Watch a recording of the conversation online.
A number of panelists met in Room 175 of the Art and Journalism Building on Thursday to discuss the repercussions of the United States’ military withdrawal from Afghanistan. The event, “Afghanistan: Status and Future,” was led by Larry Gerstein, director of the Center for Peace and Conflict Studies.
Featured panelists included Muncie Mayor Dan Ridenour, Kenneth Holland — professor and dean at Jindal Global Law School in India — and Bibi Bahrami, founder and president of Afghan Women’s and Kids’ Education and Necessities (AWAKEN). Joining the conference over Zoom was Command Sgt. Major Jason C. VanKleeck.
The panelists discussed their histories in the wartorn country, with Bahrami discussing her organization’s work in the country, Holland discussing his role as president of the American University of Afghanistan — an establishment he said is educating “a new generation of leaders in a new generation of educated middle-class people" — and VanKleeck discussing U.S. military operations in the country.
Bahrami criticized both Soviet and American intervention in Afghanistan.
“We got behind probably 100 years by people trying to help us,” Bahrami said.
When asked by an audience member if he would accept relocated refugees from the state refugee Camp Atterbury to Muncie, Ridenour said he “would think there would be some federal funds … which would come through the Community Development Department,” but was wary of making any promises.
Holland and Bahrami said they were contacted by university staff and asked to participate in the panel to offer their unique perspectives. Holland teaches classes at an Indian university over Zoom from Ball State and Bahrami leads her nonprofit from Muncie to offer education and healthcare services to Afghan women and children in the Behsood district.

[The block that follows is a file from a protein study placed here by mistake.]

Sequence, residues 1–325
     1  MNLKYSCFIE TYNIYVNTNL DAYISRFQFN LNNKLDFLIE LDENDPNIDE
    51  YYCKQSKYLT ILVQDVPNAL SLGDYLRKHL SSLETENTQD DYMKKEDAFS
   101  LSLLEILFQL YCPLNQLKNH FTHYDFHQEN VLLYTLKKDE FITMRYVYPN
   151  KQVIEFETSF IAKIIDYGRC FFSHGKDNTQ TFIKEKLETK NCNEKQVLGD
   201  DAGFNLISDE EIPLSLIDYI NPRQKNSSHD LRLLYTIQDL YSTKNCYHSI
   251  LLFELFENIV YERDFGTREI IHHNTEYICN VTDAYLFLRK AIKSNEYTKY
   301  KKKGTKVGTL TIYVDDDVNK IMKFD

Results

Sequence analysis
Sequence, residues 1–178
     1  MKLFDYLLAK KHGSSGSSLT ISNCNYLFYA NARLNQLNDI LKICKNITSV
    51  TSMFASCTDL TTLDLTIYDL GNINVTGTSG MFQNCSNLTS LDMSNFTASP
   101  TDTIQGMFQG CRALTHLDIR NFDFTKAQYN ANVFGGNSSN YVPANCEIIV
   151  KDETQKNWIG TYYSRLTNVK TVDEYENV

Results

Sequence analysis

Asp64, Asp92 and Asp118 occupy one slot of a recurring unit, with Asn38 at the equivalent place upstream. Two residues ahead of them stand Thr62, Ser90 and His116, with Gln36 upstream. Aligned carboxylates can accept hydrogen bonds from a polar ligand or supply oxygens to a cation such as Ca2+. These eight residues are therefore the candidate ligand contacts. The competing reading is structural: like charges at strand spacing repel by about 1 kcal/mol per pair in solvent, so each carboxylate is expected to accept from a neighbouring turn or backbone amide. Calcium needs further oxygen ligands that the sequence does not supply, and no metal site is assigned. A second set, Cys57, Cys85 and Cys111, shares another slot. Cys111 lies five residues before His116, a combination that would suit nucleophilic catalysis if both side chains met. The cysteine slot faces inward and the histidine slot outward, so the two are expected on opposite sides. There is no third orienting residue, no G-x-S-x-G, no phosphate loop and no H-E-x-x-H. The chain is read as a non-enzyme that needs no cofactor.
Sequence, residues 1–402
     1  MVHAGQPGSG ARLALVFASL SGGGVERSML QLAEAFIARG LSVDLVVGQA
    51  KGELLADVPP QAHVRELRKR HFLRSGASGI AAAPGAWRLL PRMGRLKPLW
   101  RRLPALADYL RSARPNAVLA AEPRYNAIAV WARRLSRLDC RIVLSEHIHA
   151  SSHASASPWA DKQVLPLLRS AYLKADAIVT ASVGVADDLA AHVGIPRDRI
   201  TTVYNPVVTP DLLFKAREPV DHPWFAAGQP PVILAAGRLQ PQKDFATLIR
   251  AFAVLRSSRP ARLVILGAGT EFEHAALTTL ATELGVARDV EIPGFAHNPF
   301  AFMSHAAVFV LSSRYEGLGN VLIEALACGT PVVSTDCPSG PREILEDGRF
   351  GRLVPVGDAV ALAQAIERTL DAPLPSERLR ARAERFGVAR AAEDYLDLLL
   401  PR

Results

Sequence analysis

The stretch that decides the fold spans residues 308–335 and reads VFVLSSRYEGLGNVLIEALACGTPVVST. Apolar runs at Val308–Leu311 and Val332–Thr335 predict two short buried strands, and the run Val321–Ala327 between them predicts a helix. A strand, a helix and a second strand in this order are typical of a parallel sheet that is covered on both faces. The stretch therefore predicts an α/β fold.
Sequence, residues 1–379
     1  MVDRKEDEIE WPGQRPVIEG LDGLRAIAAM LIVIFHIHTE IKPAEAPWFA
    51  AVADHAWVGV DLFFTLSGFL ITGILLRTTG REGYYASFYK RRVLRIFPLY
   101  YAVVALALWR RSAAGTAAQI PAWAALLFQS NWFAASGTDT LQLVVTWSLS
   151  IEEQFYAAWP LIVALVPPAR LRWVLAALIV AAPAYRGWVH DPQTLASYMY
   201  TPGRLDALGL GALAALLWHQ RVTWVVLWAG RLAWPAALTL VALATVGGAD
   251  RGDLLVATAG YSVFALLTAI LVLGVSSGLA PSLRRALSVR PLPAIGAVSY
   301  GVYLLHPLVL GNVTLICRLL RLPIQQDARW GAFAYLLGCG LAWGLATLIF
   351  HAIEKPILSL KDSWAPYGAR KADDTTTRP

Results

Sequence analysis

The audience consisted of members of the Muncie community, Ball State staff and students. Gay Nation, owner of the Brinkman Art Gallery, said she learned a great deal about the situation in Afghanistan and is greatful the panel happened.
Similarly, Barbara Alverez, docent at the David Owsley Museum of Art, reflected on the importance of raising awareness and said she was thankful panelists offered solutions for U.S. citizens to help people in Afghanistan and those who have fled the country.
Feona Dabson, junior biochemistry major, attended the panel discussion in hopes of gaining more knowledge about the past and present of Afghanistan. Dabson says although she feels she was only able to learn a sliver of that history, she was grateful for the several different perspectives and backgrounds everyone had, and appreciated the Peace Center for hosting the event.
The panel was rounded out by a call to arms from VanKleeck, who advocated for civilian support for returning servicemen, and from Bahrami, who said she will do everything she can to help the Afghans left behind in a country now under Taliban rule.
“I will continue to work in Afghanistan,” she said, “because I work for those women and children in the villages that have no focuses, no means, no healthcare … please help us help them.”